Behind the Scenes – Dressage Shows Simplified

Walnut Creek

Halfway during my test at our show this past weekend my fiance ran up to the fence and asked if we had started yet.  Apparently no one heard the announcer say my name, or heard the whistle blow, or saw me enter the arena and solute.  And it occurred to me that my friends and family have no clue what dressage showing is all about, or how it even works.  I can’t blame them, it’s not obvious when watching and it’s difficult to explain to an outsider, but I’m going to give it a try.  I love having supporters at my show, and it’d be nice if they knew what was going on 🙂

How it works:

Class listDressage shows are broken up into classes, which are then judged according to a test.  A sample “prize list” is to the right.  A prize list is a list of all the classes offered in any given show. Each class has a different test, and the tests are based on the level of training the rider and the horse have completed.    For example, Savy is only 4 years old and has just been started in her training so we entered in classes Introductory Level – Test A and Introductory Level – Test B.  These are the very easiest dressage tests, and they’re for young horses, horses new to dressage, or beginner riders.  These tests only include the walk and trot.  As the horse and rider complete more training, they can start to move “up the levels” of tests.   So once Savy can comfortably canter and balance a rider on her back we can compete in the next level of competition.  And once Savy and I learn the next movements we can move up another level in the tests.  Dressage competition is really a training system that follows a linear progression.  The lower levels teach the horses and riders skills they need to learn the more advanced levels.  You can’t skip from one level to the next without learning the movements.  The more advanced your training, the higher the level of competition in which you can compete.  The lowest level is Intro (where Savy and I are) and the highest level is Grand Prix, which is the Olympic level.  Still with me?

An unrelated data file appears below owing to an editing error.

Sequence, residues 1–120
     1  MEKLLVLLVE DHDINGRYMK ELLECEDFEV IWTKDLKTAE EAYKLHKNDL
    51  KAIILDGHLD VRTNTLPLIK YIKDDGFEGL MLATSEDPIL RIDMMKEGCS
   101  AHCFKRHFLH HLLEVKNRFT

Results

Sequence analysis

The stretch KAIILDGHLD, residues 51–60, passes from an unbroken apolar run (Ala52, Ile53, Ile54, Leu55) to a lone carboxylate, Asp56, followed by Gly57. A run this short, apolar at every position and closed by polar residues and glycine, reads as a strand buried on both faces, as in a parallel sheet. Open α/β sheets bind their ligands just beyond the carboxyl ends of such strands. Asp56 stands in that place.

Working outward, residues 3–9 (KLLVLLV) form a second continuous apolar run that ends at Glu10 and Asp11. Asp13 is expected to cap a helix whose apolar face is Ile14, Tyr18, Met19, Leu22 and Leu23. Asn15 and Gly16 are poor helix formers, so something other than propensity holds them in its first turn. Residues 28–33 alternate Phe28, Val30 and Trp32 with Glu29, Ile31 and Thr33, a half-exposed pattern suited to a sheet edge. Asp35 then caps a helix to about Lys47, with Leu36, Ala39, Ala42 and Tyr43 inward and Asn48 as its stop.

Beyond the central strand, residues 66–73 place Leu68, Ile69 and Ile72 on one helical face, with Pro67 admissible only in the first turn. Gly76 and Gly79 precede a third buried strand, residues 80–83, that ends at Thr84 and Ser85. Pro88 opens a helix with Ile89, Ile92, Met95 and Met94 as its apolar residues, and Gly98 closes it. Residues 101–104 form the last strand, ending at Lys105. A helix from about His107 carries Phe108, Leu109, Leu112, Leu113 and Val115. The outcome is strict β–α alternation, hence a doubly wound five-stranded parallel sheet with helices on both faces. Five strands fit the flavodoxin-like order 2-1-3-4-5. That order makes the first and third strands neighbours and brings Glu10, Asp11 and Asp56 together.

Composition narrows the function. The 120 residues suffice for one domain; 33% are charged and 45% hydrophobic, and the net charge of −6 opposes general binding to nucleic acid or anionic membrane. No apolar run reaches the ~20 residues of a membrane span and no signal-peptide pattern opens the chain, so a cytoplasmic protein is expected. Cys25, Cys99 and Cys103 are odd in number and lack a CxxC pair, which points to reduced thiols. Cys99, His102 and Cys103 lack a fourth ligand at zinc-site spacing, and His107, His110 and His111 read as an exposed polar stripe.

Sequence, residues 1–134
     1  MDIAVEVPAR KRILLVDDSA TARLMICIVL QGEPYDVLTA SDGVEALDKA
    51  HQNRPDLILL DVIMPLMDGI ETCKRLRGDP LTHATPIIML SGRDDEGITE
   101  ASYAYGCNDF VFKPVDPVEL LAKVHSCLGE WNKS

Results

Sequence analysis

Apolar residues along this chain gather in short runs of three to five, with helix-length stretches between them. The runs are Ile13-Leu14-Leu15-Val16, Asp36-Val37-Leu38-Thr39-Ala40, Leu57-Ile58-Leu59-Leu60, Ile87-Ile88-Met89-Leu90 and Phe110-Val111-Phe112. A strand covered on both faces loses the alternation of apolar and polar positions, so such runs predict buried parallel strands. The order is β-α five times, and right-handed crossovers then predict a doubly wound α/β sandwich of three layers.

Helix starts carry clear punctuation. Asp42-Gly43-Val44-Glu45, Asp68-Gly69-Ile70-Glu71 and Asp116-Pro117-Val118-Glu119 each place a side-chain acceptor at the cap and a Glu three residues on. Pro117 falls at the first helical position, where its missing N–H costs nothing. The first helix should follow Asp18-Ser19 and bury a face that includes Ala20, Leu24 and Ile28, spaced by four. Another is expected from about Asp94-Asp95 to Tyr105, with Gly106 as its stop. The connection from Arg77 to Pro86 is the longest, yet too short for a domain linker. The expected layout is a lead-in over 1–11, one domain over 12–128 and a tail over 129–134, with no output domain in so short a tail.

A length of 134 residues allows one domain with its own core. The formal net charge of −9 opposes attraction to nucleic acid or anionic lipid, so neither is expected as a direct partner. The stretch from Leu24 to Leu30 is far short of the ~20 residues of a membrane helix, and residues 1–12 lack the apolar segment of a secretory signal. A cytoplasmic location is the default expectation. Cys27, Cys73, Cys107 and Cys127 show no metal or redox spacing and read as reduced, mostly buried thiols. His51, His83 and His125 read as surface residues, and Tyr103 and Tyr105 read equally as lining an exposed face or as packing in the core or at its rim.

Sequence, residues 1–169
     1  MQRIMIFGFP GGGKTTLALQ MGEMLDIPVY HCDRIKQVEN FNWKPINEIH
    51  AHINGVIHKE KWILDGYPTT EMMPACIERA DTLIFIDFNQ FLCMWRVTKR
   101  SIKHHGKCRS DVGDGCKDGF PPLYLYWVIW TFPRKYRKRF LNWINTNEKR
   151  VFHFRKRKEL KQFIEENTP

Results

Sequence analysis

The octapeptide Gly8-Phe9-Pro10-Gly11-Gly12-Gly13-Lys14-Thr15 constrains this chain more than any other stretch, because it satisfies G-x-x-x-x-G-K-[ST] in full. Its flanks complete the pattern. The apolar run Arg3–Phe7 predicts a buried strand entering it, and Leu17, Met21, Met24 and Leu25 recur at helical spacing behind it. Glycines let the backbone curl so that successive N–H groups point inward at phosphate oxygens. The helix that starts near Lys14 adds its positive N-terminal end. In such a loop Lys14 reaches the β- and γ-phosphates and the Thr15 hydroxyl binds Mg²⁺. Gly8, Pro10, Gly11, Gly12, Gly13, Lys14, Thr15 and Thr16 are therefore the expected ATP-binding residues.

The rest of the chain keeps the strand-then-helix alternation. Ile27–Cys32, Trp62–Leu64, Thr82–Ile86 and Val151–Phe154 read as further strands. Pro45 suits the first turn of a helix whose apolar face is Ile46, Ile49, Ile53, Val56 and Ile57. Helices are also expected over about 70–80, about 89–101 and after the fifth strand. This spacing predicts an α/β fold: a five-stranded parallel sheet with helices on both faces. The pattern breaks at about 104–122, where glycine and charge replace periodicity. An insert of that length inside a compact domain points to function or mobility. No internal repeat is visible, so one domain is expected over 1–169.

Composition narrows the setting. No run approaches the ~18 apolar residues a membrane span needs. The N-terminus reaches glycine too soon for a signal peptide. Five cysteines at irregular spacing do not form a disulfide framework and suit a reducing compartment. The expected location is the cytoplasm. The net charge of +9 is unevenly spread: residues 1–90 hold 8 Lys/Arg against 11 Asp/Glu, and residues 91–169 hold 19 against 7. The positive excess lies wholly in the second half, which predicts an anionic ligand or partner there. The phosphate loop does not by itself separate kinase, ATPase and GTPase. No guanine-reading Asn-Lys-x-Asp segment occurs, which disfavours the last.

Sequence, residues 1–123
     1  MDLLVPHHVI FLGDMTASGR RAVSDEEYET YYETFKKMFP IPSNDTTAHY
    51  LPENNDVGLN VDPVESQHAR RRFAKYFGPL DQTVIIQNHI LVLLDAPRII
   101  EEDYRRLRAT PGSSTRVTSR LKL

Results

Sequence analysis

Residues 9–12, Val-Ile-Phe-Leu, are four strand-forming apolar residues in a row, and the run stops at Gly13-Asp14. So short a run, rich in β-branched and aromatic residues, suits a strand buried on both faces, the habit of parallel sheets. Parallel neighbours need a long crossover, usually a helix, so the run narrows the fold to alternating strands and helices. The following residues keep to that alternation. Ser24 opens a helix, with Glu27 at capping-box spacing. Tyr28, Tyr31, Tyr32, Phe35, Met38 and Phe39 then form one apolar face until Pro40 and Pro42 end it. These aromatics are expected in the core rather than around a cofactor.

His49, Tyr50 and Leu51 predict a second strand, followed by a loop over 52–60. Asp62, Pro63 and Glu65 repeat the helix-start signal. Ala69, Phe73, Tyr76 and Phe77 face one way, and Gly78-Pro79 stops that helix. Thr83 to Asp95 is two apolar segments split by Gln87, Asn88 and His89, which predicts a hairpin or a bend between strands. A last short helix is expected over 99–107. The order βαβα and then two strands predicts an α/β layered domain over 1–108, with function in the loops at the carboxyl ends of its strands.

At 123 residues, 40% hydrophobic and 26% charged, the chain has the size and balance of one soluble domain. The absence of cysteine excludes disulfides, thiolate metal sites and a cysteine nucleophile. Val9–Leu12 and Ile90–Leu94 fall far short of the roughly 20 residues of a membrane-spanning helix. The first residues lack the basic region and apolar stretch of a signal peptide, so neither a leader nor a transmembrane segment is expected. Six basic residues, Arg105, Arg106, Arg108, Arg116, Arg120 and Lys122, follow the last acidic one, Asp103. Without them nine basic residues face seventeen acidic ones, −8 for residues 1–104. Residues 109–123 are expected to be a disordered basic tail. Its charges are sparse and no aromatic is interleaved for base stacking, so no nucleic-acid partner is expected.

showingThe tests are a series of movements, like a pattern, that each person in the class completes and is judged on.  The judge gives you a score on each movement based on a scale from 0-10.  Your final score for the test is a percentage based on all of your individual scores.  Anything in the 40’s and below is bad, 50’s is average, 60’s is decent, 70’s is good and anything over 80% is great.  Most people score in the 60’s and 70’s.  The judge also gives you comments explaining your score, which is nice.  What I love about dressage is that you’re really just competing against yourself and trying to beat your score from the previous show.

Getting ready: